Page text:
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Opinion: “The chill on scientific debate: could an old solution be re-heated?” Godwin Busuttil

In June 1971 the Lord Chancellor and the Lord Advocate appointed a Committee “to consider whether, in the light of the working of the Defamation Act 1952, any changes are desirable in the law, practice and procedure relating to actions for defamation”.  The Report produced by this Committee on Defamation, which came to be known as the Faulks Committee after its chairman Mr Justice Faulks, was presented to Parliament in March 1975.

At paragraph 232 of this Report, under the heading “Technical and Scientific Journals”, the Faulks Committee made the following recommendation

We think that there should be a new statutory qualified privilege for articles of a technical or scientific nature in genuine technical and scientific journals.  For example, doctors should be allowed to write with reasonable freedom in medical journals without having to worry too much over the possibility of a libel action.  We recommend accordingly.  In order to prevent journals pretending to be technical or scientific to enjoy this privilege, the majority of us consider that the statute should provide that all journals seeking to rely on it must be approved by and registered with an appropriate authority, such as a government department with special responsibilities in the field of technology and science, the precise identity of the registration authority being, however, a matter for administrative decision by the Government.

Consistently with this recommendation, clause 11(2) of the Draft Defamation Bill included at Appendix III to the Report provided as follows:

“Publication in a technical or scientific journal approved by and registered with the Secretary of State of an article of a technical or scientific nature shall be protected by qualified privilege”.

This recommendation was not adopted, although some years later in Vassiliev v Frank Cass & Co Ltd [2003] EWHC 1428 (QB); [2003] EMLR 33 Eady J ruled that the publication at issue – an article in a journal called Intelligence and National Security, “a specialist publication with a specialist readership who subscribe to it”, with about 146 subscribers in the UK – attracted qualified privilege at common law because it consisted of a “specialist subject matter” in which publisher and readers shared a common interest (see paras.2, 8 & 20 of the judgment).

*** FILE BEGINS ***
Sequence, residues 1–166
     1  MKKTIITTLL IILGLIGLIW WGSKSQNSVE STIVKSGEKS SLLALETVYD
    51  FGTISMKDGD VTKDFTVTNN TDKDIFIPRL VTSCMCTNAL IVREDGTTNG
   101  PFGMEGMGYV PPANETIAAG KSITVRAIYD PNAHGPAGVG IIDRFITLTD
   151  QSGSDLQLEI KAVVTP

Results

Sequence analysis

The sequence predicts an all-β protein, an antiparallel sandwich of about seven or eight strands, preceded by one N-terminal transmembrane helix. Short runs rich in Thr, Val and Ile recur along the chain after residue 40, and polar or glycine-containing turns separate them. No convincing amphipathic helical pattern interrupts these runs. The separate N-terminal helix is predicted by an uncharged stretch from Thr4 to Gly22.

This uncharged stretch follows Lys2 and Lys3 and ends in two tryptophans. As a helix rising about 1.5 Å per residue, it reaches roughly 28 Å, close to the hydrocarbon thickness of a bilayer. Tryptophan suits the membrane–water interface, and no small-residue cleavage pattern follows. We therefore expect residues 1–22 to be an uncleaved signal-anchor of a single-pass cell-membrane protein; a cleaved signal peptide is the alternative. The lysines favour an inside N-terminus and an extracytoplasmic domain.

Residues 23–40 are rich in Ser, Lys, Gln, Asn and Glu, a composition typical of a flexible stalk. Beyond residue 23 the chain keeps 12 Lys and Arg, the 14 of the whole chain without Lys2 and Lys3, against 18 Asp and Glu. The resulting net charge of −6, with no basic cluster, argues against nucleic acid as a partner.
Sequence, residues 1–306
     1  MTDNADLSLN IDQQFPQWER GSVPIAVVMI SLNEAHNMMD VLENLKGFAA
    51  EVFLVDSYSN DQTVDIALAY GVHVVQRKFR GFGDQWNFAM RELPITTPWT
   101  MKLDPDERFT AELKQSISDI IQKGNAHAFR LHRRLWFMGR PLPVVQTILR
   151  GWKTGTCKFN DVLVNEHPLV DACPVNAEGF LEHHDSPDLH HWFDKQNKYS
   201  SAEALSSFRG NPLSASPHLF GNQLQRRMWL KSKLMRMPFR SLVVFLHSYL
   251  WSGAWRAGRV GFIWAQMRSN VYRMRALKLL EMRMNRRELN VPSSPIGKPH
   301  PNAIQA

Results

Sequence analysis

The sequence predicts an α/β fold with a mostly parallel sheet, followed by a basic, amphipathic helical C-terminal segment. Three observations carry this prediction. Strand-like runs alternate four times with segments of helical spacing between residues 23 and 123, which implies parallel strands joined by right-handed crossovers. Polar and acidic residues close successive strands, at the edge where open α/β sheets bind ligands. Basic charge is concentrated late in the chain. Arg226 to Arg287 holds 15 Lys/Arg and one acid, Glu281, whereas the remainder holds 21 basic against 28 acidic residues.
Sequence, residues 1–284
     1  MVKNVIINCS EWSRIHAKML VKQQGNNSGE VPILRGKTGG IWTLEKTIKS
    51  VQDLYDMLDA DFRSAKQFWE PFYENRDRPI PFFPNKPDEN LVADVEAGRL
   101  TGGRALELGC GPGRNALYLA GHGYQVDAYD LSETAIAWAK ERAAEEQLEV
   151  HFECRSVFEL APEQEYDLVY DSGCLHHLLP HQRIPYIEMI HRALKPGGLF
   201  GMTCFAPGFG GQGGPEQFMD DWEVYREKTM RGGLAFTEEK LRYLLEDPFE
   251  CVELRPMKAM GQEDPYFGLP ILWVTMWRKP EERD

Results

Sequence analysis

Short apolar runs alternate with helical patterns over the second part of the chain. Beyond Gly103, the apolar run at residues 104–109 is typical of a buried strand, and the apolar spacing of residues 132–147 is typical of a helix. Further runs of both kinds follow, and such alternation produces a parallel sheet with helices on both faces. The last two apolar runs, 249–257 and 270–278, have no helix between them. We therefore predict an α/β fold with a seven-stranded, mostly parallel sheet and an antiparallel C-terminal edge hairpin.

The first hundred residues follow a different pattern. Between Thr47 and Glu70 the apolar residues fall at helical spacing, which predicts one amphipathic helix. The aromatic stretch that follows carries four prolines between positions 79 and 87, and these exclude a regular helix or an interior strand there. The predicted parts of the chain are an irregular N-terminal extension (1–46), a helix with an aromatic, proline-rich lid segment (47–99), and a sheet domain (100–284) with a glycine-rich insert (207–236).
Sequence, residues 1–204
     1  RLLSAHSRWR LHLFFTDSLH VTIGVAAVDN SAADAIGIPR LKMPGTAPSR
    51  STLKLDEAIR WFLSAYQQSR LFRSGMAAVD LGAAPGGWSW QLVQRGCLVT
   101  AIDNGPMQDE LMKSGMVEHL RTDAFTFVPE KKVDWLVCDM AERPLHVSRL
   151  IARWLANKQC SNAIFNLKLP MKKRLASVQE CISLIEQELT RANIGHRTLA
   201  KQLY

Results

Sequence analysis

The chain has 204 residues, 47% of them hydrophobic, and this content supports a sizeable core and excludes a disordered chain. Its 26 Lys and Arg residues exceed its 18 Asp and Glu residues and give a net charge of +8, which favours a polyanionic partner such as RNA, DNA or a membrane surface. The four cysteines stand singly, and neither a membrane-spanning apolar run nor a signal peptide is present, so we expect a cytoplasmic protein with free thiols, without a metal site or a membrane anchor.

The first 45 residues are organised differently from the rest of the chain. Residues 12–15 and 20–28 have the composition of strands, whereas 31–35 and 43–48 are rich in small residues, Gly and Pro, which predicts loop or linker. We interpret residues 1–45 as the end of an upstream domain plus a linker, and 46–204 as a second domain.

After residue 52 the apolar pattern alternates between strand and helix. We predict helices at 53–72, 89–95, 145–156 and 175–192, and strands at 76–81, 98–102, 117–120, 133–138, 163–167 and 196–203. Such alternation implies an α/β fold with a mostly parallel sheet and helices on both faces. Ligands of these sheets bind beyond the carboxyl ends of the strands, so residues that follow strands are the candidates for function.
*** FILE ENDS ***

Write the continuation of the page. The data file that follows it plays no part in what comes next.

In the wake of recent complaints about the threat of libel actions having a chilling effect on scientific debate, one wonders whether if Parliament were belatedly to act upon the Faulks Committee’s recommendation that might go some way to address the perceived problem?

Godwin Busuttil ©2010

Godwin Busuttil is a Barrister at 5RB

1 Comment

  1. Alastair Mullis

    An interesting proposal (as ever from Godwin Busitill) to which I have two initial comments. First, there are thousands of academic journals. Is it really a sensible use of tax payers’ money to set up another government quango to judge whether a journal is of a scientific or technical nature to belong on the qualified privilege register?

    Second, while I might have some confidence that some editors / peer reviewers of legal journals would at least have some knowledge of the law of libel and therefore read the article with this in mind, I would not be so confident that those from other disciplines would approach the task in the same way. Why should the fact that two scientists who have peer reviewed a journal submission and described it as scientifically sound mean that it is thereby protected under the law of libel? Would everything in the article be protected (assuming not malicious) or only those statements / imputations directly relevant to the scientific subject matter?

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